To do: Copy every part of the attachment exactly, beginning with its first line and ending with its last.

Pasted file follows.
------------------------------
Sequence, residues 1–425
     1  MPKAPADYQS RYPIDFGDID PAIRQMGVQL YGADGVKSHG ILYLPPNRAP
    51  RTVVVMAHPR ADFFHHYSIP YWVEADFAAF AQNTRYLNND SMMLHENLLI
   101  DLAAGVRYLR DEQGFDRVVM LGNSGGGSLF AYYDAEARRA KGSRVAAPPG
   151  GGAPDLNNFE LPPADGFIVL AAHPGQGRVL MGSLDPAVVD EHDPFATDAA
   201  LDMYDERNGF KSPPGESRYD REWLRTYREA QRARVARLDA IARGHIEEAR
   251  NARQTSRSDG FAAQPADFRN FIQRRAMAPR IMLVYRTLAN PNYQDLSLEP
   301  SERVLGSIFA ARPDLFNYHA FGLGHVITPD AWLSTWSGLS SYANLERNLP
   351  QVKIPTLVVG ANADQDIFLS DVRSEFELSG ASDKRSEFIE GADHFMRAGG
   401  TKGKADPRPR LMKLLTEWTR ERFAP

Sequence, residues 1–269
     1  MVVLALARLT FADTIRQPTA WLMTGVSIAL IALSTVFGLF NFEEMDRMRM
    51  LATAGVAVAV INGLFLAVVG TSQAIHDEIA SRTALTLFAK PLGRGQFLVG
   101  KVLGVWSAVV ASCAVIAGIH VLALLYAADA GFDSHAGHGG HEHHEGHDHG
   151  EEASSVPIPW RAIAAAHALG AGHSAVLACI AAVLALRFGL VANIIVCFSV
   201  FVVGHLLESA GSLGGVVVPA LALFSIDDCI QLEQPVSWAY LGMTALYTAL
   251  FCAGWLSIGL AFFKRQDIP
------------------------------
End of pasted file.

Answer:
Sequence, residues 1–425
     1  MPKAPADYQS RYPIDFGDID PAIRQMGVQL YGADGVKSHG ILYLPPNRAP
    51  RTVVVMAHPR ADFFHHYSIP YWVEADFAAF AQNTRYLNND SMMLHENLLI
   101  DLAAGVRYLR DEQGFDRVVM LGNSGGGSLF AYYDAEARRA KGSRVAAPPG
   151  GGAPDLNNFE LPPADGFIVL AAHPGQGRVL MGSLDPAVVD EHDPFATDAA
   201  LDMYDERNGF KSPPGESRYD REWLRTYREA QRARVARLDA IARGHIEEAR
   251  NARQTSRSDG FAAQPADFRN FIQRRAMAPR IMLVYRTLAN PNYQDLSLEP
   301  SERVLGSIFA ARPDLFNYHA FGLGHVITPD AWLSTWSGLS SYANLERNLP
   351  QVKIPTLVVG ANADQDIFLS DVRSEFELSG ASDKRSEFIE GADHFMRAGG
   401  TKGKADPRPR LMKLLTEWTR ERFAP

Sequence, residues 1–269
     1  MVVLALARLT FADTIRQPTA WLMTGVSIAL IALSTVFGLF NFEEMDRMRM
    51  LATAGVAVAV INGLFLAVVG TSQAIHDEIA SRTALTLFAK PLGRGQFLVG
   101  KVLGVWSAVV ASCAVIAGIH VLALLYAADA GFDSHAGHGG HEHHEGHDHG
   151  EEASSVPIPW RAIAAAHALG AGHSAVLACI AAVLALRFGL VANIIVCFSV
   201  FVVGHLLESA GSLGGVVVPA LALFSIDDCI QLEQPVSWAY LGMTALYTAL
   251  FCAGWLSIGL AFFKRQDIP